Updated February 14th, 2018
Google Analytics is the most popular website analytics tool. Hubspot is one of the most popular marketing automation platforms that also offers website analytics. We often get the question “Should I use Google Analytics or Hubspot Analytics for tracking and measurement”. The answer is Yes. We recommend using both and choosing which platform based on the questions you are trying to answer. This requires installing both the Google Analytics tracking code and Hubspot tracking code across all of your web pages, regardless of where they are hosted.
This post will dive into the value of using both platforms and addressing the #1 issue of source attribution and having consistent metrics across the two platforms.
Google Analytics is the industry standard for measuring website traffic and the effectiveness of your marketing campaigns. It’s effective and free! While Google Analytics is more complex to use compared to Hubspot, it provides much greater detail, particularly when you apply segments. Fortunately, its widespread adoption means there are well-documented guides for nearly everything the platform has to offer.
Use Google Analytics to answer questions like:
Additionally, Google Analytics is our first stop for looking at metrics like visits (sessions), page performance, conversion rate and ecommerce data.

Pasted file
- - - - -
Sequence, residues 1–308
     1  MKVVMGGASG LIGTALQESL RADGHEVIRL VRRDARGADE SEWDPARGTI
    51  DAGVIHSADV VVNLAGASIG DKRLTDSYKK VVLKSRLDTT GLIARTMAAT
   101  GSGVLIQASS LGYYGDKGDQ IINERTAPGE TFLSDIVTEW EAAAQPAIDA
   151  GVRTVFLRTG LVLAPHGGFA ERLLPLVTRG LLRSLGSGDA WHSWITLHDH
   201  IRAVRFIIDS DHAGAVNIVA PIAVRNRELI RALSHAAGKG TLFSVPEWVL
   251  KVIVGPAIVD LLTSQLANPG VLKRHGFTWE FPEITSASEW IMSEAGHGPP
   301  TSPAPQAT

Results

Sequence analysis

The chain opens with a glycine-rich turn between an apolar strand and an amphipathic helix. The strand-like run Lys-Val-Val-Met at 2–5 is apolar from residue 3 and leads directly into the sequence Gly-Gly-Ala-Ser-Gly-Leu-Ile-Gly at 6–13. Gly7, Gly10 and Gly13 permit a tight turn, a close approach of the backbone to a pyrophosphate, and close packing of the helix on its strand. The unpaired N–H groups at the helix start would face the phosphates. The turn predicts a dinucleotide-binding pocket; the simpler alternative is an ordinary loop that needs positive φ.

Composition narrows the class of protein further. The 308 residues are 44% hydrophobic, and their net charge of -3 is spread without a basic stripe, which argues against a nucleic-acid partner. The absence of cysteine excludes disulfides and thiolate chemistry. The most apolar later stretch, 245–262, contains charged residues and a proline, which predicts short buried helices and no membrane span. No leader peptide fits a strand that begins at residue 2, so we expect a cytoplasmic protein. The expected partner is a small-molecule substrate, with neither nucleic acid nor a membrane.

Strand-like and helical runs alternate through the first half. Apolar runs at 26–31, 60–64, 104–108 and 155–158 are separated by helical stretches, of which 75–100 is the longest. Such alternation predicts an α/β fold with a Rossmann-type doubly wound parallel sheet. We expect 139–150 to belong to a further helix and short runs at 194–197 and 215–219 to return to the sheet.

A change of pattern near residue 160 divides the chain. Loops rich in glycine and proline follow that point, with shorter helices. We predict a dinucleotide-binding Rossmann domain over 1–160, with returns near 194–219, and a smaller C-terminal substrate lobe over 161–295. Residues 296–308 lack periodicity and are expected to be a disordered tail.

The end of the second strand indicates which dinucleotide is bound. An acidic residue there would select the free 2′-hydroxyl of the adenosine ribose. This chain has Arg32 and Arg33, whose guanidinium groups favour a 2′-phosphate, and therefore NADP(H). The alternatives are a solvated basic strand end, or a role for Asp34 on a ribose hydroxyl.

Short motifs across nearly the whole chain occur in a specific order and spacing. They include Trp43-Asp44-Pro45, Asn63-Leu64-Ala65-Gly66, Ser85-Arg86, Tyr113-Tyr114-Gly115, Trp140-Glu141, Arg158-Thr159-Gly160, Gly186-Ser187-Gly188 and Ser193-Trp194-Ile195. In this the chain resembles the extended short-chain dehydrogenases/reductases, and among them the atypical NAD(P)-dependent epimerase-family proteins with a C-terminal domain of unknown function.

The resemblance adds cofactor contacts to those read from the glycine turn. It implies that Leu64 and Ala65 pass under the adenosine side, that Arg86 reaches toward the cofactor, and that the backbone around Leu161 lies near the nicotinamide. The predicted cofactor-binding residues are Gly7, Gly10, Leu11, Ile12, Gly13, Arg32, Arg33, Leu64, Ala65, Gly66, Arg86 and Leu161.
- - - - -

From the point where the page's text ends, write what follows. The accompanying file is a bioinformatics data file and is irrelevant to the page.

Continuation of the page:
Hubspot Analytics Tools continue to evolve and improve. The reports are easy to read and the interface is easy-to-use for a variety of users across an organization. Hubspot is a good resource for checking high-level metrics. And it's great at closing the loop between marketing and sales with metrics specific to new contacts (Hubspot’s term for leads) and customers.
Use Hubspot Analytics to answer questions like:
Additionally, Hubspot tracks the activity of all users (both known and unknown), creating the ability to score contacts and segment for targeted marketing efforts.
The biggest frustration we see when using both Google Analytics and Hubspot is that the common web traffic metrics between the two platforms often do not line up. Sessions may differ slightly between the two platforms, and that is OK. It is important to understand and accept a level of variance, keep an eye on the variance to make sure it does grow and then choose one platform for consistent reporting.
One of the biggest issues is terminology and how web traffic is categorized into buckets. This is problematic because traffic may be grouped into a source that you might not expect, making it difficult to evaluate your investment into specific marketing efforts. Below is a summary of how each platform treats the categorization of where website traffic comes from:
Here is the Google Analytics Channels report:
Here is the Google Analytics Source / Medium Report:
Here is the Hubspot Sources Report:
Turning data into something valuable in the marketing process is all about asking the right questions and applying focus. Combining Google Analytics and Hubspot Analytics will deliver data to help fuel conversations, ask the right questions and dig deeper to uncover insights.
Jul 28, 2015
Jul 08, 2013
Nov 27, 2019